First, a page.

We all know we need to get off fossil fuels and replace them with carbon-neutral alternatives. The question is not IF we should choose this path, but how best to get where we need to go. There are those who, fairly enough, worry that those clean renewables aren’t up to the job. This is a critical question, because if renewables can’t fill the void, then we are left with no option but to build more nuclear reactors, with all the myriad problems that accompany them, most notably price, which is forever rising. So much money is at stake that we need to sort out this question, soon.
It all boils down to power demand. How much power do we need? If the number is such that the most realistically rapid installation rate of new wind, water and solar power supplies won’t be enough to satisfy our needs in say, 2030 (by which time we need to have at least made a sizable dent in replacing the existing oil, gas and coal plants), then we have a problem. So what is a reasonable projection of power demand in 2030?
Unfortunately, that depends on whom you ask. Even estimates of current power consumption vary widely For example, over at Yale’s e360, David Biello turns to MacArthur fellow Saul Griffith for a scenario that assumes
.. the U.S. will require roughly 4 terrawatts of power by 2050 (a conservative estimate, given that we already use more than three)…
You can find similar projections all over the place. But two other analysts, Mark Jacobson and Mark Delucchi, who survey the issue in some detail in a pair of papers discussed here, say current U.S. end use is only 2.5 TW, significantly less than 3 TW, not more. The higher figure is what we produce, the lower is what we use. The difference is lost during transmission and distribution, and to wasted heat. (Current end use figures, which are based on the U.S. Energy Information Administration data don’t appear in the Jacobson-Delucchi papers, but they are available at Jacobson’s website here in an Excel spreadsheet.)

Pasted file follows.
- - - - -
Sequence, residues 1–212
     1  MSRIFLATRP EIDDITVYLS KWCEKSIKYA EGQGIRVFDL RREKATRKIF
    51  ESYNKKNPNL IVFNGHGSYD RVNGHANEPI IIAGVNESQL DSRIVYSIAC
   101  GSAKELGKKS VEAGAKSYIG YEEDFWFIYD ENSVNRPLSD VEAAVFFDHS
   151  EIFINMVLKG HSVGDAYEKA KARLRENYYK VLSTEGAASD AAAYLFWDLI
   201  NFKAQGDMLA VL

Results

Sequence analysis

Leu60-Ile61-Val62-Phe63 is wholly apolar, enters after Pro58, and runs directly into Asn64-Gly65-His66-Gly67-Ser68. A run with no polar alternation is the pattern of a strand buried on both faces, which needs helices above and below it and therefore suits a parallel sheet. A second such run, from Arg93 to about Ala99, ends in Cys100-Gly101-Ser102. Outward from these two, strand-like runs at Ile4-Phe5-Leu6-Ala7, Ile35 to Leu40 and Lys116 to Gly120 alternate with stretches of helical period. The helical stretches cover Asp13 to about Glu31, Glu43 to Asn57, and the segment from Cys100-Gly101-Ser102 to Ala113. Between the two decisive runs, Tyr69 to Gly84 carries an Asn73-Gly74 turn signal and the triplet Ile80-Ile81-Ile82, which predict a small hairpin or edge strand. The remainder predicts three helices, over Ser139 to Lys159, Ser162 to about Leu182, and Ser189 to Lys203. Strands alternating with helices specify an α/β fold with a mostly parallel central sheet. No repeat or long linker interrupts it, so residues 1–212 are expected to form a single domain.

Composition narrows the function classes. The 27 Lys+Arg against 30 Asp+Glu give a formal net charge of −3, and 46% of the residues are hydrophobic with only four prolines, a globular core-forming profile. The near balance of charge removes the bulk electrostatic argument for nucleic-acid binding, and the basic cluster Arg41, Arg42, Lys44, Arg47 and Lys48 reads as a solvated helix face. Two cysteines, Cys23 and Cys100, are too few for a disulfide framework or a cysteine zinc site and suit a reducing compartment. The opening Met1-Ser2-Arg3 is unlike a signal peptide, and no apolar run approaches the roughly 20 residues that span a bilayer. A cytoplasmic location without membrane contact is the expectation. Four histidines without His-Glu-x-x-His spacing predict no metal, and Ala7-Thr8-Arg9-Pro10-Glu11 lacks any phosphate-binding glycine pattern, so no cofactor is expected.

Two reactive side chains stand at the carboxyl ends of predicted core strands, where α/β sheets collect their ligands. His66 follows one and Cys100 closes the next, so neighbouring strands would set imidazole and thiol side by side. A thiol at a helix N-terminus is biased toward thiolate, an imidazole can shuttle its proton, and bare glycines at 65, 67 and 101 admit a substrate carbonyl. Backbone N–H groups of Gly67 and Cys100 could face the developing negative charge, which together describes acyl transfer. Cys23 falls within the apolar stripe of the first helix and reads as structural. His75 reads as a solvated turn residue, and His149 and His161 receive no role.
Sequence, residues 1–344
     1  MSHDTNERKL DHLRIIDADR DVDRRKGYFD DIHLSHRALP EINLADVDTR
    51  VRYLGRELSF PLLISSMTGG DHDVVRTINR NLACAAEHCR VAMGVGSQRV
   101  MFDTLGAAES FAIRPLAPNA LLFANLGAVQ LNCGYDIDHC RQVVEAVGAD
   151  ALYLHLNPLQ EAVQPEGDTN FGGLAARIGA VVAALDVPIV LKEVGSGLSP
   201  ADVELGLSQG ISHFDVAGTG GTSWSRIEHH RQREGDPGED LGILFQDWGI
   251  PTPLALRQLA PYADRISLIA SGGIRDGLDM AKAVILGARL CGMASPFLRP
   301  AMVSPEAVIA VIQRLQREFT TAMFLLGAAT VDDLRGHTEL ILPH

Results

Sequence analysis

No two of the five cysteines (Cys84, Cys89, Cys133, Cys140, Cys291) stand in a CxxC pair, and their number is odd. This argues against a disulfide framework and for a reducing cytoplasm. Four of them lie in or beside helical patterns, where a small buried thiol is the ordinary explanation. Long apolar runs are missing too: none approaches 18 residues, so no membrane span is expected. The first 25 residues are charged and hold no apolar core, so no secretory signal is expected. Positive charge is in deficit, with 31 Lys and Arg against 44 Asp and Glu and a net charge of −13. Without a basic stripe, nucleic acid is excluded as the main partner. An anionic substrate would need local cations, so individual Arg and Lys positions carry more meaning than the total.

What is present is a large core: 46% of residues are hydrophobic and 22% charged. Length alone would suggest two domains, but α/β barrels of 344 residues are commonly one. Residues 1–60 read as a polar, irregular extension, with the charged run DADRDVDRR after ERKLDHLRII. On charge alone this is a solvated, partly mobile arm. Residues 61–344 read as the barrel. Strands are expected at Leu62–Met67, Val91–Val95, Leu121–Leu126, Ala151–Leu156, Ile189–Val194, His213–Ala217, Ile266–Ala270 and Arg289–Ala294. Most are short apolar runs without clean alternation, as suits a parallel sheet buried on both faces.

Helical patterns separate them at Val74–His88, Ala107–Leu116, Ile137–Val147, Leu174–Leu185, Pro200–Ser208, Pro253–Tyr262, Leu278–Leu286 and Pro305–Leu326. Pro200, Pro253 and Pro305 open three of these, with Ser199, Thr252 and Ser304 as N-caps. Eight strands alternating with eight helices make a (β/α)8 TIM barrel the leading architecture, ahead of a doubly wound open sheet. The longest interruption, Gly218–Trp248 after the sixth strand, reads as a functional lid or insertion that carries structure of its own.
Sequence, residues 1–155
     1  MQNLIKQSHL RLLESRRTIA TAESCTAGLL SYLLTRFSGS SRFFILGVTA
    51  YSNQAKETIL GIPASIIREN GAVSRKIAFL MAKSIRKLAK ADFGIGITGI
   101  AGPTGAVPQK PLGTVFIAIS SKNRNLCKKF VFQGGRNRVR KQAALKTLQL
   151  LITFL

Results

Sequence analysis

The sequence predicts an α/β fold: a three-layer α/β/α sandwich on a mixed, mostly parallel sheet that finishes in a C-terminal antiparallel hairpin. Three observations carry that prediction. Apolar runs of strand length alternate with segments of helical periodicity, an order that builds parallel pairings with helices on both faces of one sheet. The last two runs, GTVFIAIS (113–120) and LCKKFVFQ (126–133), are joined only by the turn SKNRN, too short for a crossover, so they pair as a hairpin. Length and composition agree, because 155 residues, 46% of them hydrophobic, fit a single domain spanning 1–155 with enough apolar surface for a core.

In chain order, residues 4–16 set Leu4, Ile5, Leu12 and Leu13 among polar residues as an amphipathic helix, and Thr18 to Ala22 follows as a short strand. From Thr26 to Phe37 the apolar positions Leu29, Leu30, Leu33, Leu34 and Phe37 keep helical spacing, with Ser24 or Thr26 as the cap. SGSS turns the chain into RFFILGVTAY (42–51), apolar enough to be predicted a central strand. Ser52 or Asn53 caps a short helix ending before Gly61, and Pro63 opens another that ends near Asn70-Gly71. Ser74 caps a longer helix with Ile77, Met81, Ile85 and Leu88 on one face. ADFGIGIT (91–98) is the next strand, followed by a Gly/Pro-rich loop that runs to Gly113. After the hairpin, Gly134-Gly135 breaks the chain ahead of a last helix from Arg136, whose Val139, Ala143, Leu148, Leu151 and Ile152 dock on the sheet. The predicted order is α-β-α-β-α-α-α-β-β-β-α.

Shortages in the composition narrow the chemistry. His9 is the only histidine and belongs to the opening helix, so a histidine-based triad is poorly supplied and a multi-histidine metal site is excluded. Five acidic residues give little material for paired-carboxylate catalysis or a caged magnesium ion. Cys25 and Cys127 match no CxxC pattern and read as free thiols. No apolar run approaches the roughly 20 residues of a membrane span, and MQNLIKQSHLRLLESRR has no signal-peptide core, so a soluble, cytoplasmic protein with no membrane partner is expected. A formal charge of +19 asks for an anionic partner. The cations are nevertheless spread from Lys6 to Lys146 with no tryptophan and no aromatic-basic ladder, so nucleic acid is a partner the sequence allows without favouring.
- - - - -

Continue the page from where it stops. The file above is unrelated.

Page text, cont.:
Furthermore, because most electric power options are more efficient than those based on the internal combustion engine, and efficiency is expected to improve across the board in the coming years, they expect U.S. demand to be only 1.78 TW in 2030 if we convert all fossil fuels to wind, water and solar. And make sure we tighten up on the transmission and distribution losses, both of which will be significantly lower if power generation is decentralized and produced closer to where it’s used.
Jacobson and Delucchi write in Part 1 of their two-part paper that
… the direct use of electricity, for example, for heating or electric motors, is considerably more efficient than is fuel combustion in the same application. The use of electrolytic hydrogen is less efficient than is the use of fossil fuels for direct heating but more efficient for transportation when fuel cells are used; the efficiency difference between direct use of electricity and electrolytic hydrogen is due to the energy losses of electrolysis, and in the case of most transportation uses, the energy requirements of compression and the greater inefficiencies of fuel cells than batteries. Assuming that some additional modest energy-conservation measures are implemented (see the list of demand-side conservation measures in Section 2) and subtracting the energy requirements of petroleum refining, we estimate that an all-WWS world would require ~30% less end-use power than the EIA projects for the conventional fossil-fuel scenario.